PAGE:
WENATCHEE — If it weren’t for a volunteer, ranger and aide all being in Squilchuck State Park at the same time, Anthony Fiano might not be retelling his story.
Like many Wenatchee residents, Fiano had spent the summer hiking without incident. But on the afternoon of Aug. 10, while on Squilchuck’s Upper Wheeler Reservoir trail, he started feeling tired and lightheaded.
Luckily he was with his wife, Abby. Both are nurses.
“I asked him, ‘What are you feeling? What’s going on?’” Abby said. “I had no idea anything was wrong until that moment. He was just like, ‘You’ve got to go get help. I’m really dizzy.’ ... His pulse was so weak, I could hardly feel his pulse in his radial artery. He said he was feeling something in his chest, so I knew it was real.”
Fiano, 47, was having a heart attack. His wife helped him lie down and then ran back down the trail to get help.
She spotted park volunteer Eric Musgrove at a campsite, got his attention, and the two of them drove in his truck as far as they could before continuing on foot.
“I couldn’t sit up,” Anthony Fiano said. “I couldn’t do anything. My right coronary artery was completely blocked off. I stood up enough for him to get me over his shoulder. ... He carried me for a good hundred yards by himself, down a really uneven trail. It’s more of a gully than a trail; it’s very rocky.”
At one point he asked Musgrove to put him down and go get park ranger Jose Velazquez, who Musgrove knew was in the area.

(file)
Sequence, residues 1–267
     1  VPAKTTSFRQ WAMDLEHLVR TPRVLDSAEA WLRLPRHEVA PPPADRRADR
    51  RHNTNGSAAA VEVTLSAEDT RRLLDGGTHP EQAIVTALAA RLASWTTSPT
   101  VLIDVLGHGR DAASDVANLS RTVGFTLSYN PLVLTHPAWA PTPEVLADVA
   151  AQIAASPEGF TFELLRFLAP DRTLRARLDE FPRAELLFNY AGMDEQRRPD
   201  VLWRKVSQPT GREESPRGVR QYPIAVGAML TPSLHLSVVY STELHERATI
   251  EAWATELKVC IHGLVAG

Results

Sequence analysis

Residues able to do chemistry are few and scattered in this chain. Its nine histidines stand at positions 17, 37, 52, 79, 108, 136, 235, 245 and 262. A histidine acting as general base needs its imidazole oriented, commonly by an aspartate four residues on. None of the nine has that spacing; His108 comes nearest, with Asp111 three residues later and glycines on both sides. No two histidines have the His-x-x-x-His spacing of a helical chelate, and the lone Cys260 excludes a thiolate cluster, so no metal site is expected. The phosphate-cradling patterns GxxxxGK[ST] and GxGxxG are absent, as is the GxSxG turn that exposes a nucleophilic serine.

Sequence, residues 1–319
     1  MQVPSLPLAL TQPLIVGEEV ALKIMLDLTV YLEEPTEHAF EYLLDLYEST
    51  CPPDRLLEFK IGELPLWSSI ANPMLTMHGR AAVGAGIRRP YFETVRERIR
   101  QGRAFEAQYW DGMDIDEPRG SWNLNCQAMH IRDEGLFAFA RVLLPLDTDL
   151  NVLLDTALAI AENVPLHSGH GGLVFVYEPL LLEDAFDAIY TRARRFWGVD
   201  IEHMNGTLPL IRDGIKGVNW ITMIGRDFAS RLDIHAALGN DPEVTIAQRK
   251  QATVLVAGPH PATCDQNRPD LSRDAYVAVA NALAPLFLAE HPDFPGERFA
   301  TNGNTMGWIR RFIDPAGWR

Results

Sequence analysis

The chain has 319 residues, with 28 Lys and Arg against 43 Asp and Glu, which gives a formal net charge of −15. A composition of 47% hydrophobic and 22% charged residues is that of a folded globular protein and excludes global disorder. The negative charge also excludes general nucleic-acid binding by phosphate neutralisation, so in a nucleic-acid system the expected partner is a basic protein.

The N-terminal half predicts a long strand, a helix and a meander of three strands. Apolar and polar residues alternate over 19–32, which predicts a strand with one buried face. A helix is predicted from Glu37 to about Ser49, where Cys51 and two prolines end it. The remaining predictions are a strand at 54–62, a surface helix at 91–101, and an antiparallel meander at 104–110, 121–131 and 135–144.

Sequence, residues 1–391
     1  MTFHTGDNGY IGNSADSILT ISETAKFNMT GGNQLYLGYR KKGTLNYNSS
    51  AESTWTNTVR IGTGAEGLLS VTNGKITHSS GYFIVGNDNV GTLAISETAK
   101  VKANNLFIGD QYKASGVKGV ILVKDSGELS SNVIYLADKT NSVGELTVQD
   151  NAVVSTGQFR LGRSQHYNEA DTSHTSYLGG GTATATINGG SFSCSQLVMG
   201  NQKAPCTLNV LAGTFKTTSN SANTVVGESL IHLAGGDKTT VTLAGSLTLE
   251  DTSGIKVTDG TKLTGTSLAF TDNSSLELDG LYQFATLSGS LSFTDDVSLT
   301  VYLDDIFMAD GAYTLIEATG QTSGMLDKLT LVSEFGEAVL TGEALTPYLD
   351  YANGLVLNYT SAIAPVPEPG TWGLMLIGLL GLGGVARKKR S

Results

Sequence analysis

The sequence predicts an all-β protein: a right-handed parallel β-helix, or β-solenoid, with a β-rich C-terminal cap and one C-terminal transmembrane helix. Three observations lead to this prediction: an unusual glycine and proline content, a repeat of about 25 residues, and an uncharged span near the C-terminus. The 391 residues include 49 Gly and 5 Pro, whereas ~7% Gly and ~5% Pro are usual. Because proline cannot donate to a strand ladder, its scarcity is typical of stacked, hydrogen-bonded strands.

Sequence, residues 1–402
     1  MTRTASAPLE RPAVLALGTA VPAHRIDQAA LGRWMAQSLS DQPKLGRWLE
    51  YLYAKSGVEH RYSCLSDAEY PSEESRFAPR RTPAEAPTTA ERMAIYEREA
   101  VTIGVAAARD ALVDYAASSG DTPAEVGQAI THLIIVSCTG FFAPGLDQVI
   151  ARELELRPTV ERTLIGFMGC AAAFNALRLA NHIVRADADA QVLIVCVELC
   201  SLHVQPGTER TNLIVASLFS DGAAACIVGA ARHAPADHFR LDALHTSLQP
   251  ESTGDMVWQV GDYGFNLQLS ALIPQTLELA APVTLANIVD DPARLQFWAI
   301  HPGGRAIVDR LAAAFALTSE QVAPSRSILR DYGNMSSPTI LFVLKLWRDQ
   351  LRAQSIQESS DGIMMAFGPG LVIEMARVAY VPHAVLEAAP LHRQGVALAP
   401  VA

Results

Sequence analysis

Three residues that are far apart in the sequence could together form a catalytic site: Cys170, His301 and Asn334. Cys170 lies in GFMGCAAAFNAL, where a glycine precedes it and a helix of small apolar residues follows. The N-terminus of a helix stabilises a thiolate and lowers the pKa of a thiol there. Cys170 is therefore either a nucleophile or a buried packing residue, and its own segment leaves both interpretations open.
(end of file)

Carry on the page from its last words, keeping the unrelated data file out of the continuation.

Velazquez was showing new park aide Edgar Arroyo around Squilchuck. They went up to where Fiano was, helped Musgrove carry him down to Velazquez’s truck and then drove him to the lodge area to wait for medics.
“All we did was pretty much just talking to him, making sure he was OK and consoling him,” said Arroyo, who started the job a few weeks ago.
He said he and Velazquez were supposed to be at Squilchuck the day before but plans changed.
“Timing, you know. Everything happens for a reason,” he said. “I’m glad everything’s OK now.”
Chelan County Fire District 1 and Lifeline Ambulance were dispatched shortly after 2 p.m., according to the call log. Fiano was taken to Central Washington Hospital, where he stayed for a few days.
Fiano said he’d never had a heart attack before and didn’t realize he had a problem until this hike. They had gone about a mile and half before his symptoms started, he said.
“Your coronary arteries, they can get to a point where someone’s like 90% to 95% occluded before anything happens and you notice it,” he said. “It was incredibly scary. The chest pain was crazy.”
Velazquez said Musgrove, who declined an interview, deserves much of the credit because of running up and down the trail multiple times to help Fiano and to get him and Arroyo. Musgrove’s quick thinking also led him to block Velazquez’s truck in with his own so he wouldn’t leave.
“Eric pretty much single-handedly saved that guy’s life,” Velazquez said.
Squilchuck has no full-time park ranger.
“You never know what the alternative circumstances would have been had I not decided to take Edgar that day and Eric happened to be working that day in that location,” Velazquez said. “I don’t feel like I did anything that day other than just be at the right place, right time, and just doing my job.”
But Fiano said without all three men, whom he didn’t know, he wouldn’t have made it. Now he gets to be there for Abby, who is pregnant.
“I wish it hadn’t happened to me, but it couldn’t have gone any better for me than it did,” he said. “A lot of that is because of the wonderful character of the people that were involved as well as the organization that exists between first responders and the hospital. ... Everybody’s been amazing, but those three, I feel so blessed to have them there. It’s really made me feel more positive about everything, having a second chance.”